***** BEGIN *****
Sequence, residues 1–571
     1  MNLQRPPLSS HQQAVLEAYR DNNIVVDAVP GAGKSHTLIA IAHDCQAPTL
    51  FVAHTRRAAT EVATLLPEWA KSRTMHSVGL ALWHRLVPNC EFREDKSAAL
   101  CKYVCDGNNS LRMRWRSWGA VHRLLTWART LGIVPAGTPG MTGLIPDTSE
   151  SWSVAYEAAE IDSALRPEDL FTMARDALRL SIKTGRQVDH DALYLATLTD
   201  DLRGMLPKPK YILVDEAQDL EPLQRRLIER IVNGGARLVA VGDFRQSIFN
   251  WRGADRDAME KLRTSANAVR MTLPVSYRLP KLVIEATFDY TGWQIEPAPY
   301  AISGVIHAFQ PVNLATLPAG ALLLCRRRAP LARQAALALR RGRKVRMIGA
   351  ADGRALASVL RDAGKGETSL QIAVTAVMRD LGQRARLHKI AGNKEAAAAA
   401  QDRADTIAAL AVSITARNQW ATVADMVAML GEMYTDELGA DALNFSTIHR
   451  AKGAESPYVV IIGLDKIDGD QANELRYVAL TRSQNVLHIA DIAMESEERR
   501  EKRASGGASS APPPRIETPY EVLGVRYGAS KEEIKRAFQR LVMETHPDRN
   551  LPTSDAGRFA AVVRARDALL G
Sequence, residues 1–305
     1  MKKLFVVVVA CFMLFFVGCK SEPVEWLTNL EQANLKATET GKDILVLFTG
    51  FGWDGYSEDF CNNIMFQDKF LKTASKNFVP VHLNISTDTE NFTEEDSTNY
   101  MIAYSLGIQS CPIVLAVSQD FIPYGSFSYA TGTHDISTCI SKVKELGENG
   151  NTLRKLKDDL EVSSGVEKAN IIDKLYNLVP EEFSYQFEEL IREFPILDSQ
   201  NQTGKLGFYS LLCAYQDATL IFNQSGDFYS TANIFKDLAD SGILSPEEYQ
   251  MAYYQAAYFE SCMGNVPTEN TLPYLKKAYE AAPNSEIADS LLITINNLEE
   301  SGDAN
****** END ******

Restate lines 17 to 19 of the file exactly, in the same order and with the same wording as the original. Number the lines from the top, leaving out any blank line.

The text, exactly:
   101  MIAYSLGIQS CPIVLAVSQD FIPYGSFSYA TGTHDISTCI SKVKELGENG
   151  NTLRKLKDDL EVSSGVEKAN IIDKLYNLVP EEFSYQFEEL IREFPILDSQ
   201  NQTGKLGFYS LLCAYQDATL IFNQSGDFYS TANIFKDLAD SGILSPEEYQ